Taking care of the roads is wise in politics.
Just ask Michael Bilandic.
Bilandic was elected mayor of Chicago in 1977, after the death of Richard Daley. He was headed for re-election in 1979 when a blizzard dumped 21 inches of snow on the city. The streets were not cleared quickly or well — especially in primarily black neighborhoods — and the situation lingered for weeks. When voters cast their ballots in the Democratic primary election that February, the party machine collapsed and a little-known former city official named Jane Byrne beat the boss.
There’s a lesson there for candidates who are challenging Wisconsin Gov. Scott Walker — or who might yet decide to challenge him.
Walker has been running for governor since 2005. He was forced out of the race in 2006 by national Republican operatives, who wanted the nomination to go to a better-funded contender, Mark Green. Walker got the message, then went on to raise a ton of money, win the party’s nomination in 2010 and go on to victory in November of that year. He’s been the boss ever since.
But he is vulnerable this year — not merely because a lot of voters are troubled by what the Republican Party is becoming under President Donald Trump, not merely because a lot of voters are tired of the cronyism that Walker has infused into state government, and not merely because Walker’s Foxconn scheme is costing a fortune, forcing homeowners off their land and threatening the environment.
Walker has a more pressing concern: the roads.
They’re a mess.
It wasn’t a snowstorm that led to such poor conditions on Wisconsin’s highways and byways. It was neglect. Under Walker, there has been a steadfast refusal to spend even minimally adequate amounts of money on highways, public transit, rail lines, harbors and airports.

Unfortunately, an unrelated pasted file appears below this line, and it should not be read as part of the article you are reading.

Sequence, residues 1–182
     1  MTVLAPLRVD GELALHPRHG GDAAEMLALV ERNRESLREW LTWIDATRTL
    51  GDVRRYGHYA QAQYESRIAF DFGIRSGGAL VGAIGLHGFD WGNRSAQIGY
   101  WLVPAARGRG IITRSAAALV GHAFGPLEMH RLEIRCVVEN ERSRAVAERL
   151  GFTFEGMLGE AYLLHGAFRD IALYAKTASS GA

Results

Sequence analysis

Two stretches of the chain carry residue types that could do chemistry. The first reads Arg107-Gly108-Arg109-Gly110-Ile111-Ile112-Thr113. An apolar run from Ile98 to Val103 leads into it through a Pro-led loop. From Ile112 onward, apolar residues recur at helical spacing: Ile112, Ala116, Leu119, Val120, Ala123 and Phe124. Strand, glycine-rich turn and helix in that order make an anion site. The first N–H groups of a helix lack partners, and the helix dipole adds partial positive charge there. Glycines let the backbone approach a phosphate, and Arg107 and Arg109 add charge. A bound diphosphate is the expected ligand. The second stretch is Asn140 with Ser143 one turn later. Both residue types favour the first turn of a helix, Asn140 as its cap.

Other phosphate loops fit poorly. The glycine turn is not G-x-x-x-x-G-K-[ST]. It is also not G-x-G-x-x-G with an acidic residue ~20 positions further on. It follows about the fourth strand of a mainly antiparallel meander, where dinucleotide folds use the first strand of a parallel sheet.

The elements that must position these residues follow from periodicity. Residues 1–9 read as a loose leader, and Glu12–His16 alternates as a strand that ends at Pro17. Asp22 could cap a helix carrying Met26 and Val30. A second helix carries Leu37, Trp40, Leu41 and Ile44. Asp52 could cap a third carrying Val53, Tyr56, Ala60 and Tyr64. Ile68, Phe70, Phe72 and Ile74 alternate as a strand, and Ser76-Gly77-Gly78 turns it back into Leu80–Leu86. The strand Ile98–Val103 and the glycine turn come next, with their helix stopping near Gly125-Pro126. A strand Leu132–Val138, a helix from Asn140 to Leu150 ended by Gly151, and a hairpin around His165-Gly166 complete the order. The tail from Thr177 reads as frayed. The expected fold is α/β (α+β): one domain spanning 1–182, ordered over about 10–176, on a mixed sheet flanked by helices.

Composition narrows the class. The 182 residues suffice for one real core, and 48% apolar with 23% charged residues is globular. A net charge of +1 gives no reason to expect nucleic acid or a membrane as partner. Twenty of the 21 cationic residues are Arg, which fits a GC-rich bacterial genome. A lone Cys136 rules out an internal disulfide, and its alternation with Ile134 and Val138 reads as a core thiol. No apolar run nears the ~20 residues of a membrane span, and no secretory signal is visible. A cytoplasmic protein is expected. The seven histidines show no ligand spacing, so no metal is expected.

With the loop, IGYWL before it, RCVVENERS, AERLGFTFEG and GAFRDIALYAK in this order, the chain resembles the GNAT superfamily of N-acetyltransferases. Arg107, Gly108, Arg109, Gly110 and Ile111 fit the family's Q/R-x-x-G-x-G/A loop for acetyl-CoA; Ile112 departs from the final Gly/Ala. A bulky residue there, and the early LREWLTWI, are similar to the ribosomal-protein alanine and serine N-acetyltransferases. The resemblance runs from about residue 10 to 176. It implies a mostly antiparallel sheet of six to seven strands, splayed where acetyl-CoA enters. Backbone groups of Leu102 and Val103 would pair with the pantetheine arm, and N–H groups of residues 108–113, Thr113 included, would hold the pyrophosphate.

As in so many areas, Walker has tried to balance budgets by refusing to do the basic work of state government.
Now it’s election time and voters statewide are dodging potholes — or, as they’ve come to be known, Scottholes.
There may be a few pundits in Madison and Milwaukee who do not understand what a big issue this is, but anyone who gets around Wisconsin recognizes that the governor’s neglect of the state’s infrastructure could be his greatest political liability.
How vulnerable is Walker? If an honest conservative were to enter the Republican primary and challenge the governor on his many failures, it could get interesting. Just imagine what might happen, for instance, if former Wisconsin Secretary of Transportation Mark Gottlieb were to make a repair-the-roads run against Walker.
A Republican legislator before he took charge of the Department of Transportation, Gottlieb was an ally of Walker’s who served in the governor’s Cabinet for years. But he didn’t fit in. As a transportation engineer by training, Gottlieb understood the need for spending money on infrastructure. As transportation secretary, he led a commission that determined that the state was failing to do enough for infrastructure.